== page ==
Seattle Mariners' Hector Santiago first player to be ejected amid MLB's crackdown; veteran reliever says 'all I used was rosin'

Seattle Mariners pitcher Hector Santiago was ejected in the fifth inning of Sunday's doubleheader opener against the Chicago White Sox after umpires inspected his glove. But the veteran said he used only rosin on what was a humid day.

"[Umpire Phil Cuzzi] said he felt some sticky stuff on the inside of the glove," Santiago said after the Mariners' 3-2 victory in Chicago. "All I used was rosin. I used it on both sides, trying to keep that sweat from dripping down to the hands."

Santiago, 33, was pulled from the game after giving up two walks and two hits in the inning. A major leaguer with 10 years of service time, he was in his third inning of work but was checked for the first time when the confiscation occurred.

Per the league's new rule on inspecting pitchers for foreign substances, Santiago handed his glove over to be inspected by Cuzzi, who ejected him moments later. From replays, it looked as though the umpires were checking the inside of Santiago's glove.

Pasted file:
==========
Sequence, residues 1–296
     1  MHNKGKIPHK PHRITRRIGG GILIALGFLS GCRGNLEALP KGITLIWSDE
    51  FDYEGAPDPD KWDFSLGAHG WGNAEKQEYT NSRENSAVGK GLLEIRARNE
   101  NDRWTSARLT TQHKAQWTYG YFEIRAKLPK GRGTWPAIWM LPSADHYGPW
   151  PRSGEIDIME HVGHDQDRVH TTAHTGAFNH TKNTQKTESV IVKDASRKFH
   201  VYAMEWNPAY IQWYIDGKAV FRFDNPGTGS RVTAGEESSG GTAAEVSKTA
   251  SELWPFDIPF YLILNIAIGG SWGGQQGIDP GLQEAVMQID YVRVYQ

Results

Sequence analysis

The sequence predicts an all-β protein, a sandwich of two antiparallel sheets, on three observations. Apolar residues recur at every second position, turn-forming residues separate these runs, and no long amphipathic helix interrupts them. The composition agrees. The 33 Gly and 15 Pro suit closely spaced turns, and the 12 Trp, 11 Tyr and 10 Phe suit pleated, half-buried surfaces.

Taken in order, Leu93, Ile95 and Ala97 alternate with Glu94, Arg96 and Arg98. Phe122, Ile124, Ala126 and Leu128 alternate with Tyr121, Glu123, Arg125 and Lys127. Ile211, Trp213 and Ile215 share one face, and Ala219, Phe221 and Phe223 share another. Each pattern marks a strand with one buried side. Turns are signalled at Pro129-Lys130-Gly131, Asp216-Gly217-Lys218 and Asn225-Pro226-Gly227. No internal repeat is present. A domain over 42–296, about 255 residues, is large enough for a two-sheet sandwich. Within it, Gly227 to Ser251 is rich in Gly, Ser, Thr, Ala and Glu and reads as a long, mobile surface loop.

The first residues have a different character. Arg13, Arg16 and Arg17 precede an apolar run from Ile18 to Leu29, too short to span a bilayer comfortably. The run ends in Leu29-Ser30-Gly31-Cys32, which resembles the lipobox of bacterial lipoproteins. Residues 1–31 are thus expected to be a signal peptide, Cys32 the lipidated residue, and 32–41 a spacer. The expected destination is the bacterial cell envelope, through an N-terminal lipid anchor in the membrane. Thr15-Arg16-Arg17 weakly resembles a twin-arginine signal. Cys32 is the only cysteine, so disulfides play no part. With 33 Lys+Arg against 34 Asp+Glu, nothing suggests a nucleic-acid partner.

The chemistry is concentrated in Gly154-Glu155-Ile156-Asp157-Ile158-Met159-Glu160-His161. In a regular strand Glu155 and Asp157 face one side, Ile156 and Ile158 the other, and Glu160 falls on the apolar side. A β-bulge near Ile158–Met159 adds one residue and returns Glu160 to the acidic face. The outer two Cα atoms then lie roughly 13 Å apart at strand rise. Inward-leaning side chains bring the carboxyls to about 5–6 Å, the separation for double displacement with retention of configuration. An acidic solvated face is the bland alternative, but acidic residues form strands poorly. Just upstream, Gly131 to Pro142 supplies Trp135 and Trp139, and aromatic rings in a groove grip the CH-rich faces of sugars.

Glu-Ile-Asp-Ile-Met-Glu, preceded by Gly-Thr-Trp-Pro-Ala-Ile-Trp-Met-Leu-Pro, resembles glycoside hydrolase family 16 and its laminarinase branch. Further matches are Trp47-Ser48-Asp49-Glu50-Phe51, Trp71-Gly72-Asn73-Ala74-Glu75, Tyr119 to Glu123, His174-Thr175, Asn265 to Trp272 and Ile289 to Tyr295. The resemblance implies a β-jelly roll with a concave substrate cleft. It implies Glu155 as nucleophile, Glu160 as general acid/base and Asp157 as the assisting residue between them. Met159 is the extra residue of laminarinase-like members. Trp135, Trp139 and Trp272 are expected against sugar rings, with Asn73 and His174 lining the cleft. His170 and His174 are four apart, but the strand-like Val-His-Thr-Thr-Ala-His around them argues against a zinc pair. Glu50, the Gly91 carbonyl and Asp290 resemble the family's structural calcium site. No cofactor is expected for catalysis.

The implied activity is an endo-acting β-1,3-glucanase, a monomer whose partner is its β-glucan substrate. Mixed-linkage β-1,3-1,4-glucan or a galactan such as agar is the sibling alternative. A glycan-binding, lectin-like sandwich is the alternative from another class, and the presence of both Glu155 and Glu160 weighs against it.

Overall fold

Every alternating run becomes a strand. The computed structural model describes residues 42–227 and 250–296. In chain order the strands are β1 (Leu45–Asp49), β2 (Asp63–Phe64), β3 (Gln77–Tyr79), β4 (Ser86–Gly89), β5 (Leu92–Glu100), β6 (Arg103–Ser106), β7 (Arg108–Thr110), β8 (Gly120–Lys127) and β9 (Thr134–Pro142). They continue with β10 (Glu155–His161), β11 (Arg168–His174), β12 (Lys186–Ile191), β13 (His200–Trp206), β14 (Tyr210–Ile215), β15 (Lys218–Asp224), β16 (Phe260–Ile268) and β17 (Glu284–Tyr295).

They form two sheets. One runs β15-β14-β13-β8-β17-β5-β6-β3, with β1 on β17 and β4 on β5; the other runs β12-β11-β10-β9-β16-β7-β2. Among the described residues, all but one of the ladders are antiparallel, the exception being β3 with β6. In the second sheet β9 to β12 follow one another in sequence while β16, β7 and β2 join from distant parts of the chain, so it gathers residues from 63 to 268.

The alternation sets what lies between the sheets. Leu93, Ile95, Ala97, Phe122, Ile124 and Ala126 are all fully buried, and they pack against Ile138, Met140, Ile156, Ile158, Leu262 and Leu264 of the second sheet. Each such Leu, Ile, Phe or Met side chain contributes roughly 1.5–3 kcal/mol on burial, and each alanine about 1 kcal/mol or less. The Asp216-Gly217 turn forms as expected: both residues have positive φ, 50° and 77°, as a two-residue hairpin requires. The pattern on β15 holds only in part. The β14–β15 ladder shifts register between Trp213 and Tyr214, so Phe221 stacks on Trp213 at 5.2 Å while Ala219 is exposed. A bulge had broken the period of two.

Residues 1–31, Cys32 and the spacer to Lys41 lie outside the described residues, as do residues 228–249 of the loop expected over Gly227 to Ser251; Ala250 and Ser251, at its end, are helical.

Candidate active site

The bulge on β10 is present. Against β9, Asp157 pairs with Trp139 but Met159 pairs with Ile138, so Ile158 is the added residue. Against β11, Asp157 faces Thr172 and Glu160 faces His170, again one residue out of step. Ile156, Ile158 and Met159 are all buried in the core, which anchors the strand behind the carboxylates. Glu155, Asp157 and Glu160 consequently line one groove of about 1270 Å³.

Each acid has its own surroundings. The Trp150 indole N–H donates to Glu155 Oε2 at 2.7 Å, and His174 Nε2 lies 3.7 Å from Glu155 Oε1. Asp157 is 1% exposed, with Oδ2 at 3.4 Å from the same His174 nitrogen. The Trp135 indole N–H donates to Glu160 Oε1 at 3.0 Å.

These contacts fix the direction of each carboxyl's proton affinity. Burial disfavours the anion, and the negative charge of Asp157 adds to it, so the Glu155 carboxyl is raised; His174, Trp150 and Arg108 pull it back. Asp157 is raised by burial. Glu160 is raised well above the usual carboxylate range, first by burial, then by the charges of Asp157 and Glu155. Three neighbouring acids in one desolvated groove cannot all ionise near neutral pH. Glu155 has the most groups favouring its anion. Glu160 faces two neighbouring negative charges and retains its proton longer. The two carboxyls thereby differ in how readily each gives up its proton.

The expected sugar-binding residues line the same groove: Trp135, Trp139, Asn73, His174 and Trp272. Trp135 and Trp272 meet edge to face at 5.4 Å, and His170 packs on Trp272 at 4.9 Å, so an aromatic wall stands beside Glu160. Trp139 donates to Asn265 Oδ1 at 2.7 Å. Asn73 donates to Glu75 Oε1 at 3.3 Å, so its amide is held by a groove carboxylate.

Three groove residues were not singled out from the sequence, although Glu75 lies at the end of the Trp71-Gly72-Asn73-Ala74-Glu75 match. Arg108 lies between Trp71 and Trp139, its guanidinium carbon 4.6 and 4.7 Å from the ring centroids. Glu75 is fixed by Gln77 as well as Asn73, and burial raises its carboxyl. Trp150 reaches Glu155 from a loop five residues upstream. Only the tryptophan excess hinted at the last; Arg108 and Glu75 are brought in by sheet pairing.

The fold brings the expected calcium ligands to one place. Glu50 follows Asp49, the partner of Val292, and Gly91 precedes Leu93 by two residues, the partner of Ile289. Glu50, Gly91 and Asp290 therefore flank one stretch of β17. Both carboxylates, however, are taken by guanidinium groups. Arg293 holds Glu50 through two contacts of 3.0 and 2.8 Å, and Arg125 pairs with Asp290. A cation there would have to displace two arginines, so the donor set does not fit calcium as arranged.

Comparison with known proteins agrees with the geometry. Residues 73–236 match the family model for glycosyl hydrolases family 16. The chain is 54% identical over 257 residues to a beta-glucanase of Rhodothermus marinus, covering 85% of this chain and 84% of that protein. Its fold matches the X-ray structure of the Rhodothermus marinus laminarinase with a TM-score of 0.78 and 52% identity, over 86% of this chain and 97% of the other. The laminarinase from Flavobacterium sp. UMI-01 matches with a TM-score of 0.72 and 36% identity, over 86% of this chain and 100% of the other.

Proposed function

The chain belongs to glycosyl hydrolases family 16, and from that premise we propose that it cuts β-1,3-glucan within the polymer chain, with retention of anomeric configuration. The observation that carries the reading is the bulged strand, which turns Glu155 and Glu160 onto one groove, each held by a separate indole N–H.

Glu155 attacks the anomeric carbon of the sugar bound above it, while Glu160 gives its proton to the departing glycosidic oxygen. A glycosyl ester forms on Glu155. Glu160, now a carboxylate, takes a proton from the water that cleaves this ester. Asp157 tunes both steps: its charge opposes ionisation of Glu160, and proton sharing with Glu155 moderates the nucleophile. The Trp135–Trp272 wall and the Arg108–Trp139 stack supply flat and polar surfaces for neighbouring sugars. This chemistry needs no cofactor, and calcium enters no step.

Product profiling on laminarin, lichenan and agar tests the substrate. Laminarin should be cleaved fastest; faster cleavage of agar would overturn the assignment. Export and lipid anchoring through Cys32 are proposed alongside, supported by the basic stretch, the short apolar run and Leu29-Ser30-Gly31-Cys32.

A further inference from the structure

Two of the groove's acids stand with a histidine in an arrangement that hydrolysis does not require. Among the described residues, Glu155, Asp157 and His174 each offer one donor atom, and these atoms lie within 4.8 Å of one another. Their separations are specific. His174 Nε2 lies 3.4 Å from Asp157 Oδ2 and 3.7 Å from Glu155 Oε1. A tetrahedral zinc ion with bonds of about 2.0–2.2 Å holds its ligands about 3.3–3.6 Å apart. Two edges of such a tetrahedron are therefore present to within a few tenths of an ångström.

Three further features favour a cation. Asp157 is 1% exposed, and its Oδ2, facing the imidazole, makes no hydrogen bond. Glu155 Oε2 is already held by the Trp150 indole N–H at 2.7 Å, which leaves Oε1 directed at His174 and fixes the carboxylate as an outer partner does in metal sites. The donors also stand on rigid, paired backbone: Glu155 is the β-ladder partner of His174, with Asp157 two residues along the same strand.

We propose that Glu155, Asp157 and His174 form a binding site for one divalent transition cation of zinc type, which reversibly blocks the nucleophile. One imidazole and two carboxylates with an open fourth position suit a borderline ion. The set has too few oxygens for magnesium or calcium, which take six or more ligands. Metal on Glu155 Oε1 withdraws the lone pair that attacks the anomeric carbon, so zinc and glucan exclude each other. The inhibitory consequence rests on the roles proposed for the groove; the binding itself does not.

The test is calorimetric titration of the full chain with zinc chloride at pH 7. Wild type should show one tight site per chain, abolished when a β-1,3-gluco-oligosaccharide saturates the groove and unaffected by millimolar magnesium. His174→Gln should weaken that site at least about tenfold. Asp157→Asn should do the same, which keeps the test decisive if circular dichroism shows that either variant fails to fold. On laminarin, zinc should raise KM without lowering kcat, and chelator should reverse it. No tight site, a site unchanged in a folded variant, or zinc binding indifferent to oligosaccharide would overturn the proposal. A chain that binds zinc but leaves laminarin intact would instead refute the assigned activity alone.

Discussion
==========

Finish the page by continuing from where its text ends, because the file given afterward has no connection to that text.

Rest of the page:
"What we do is we go around the whole glove, feeling for anything that would be sticky or something," crew chief Tom Hallion said. "It was very noticeable, and then the rest of the crew inspected to make sure we were all in agreement. All four agreed that it was a sticky substance, and that's why he was ejected."

"What they told me was, you can't use rosin on the glove hand," Santiago said. "When I use rosin, I dab on both sides. The umpire said you couldn't use it on the glove hand."

The glove was seen being wrapped up by the authenticator to be further inspected in New York under the new rule that went into effect Monday.

"Once they take it back and check it, it's just sweat and rosin," Santiago said. "If they're going to do all this science stuff, it's going to be sweat and rosin. We'll be all right."

Mariners manager Scott Servais added: "It's about 85-90% humidity today. He had rosin all over himself. When you put rosin on sweat, it gets sticky.

"Our guys are doing the right thing. We're following the rules."

Santiago could face a 10-game suspension and the team would not be able to replace him on the roster during that time frame. He also could be cleared of any wrongdoing once the glove is further inspected. He is the first pitcher ejected under the new rule.

"You just use your judgment on what you would consider is sticky," Hallion said, "and not a norm for what we have seen over all our careers in baseball."

Santiago is in his first season with the Mariners. He has a 1-1 mark with a 2.65 ERA in nine appearances across 17 innings.

In the nightcap, the White Sox used seven pitchers and a three-RBI performance from  Yermin Mercedes to outlast the Mariners 7-5, securing a split.

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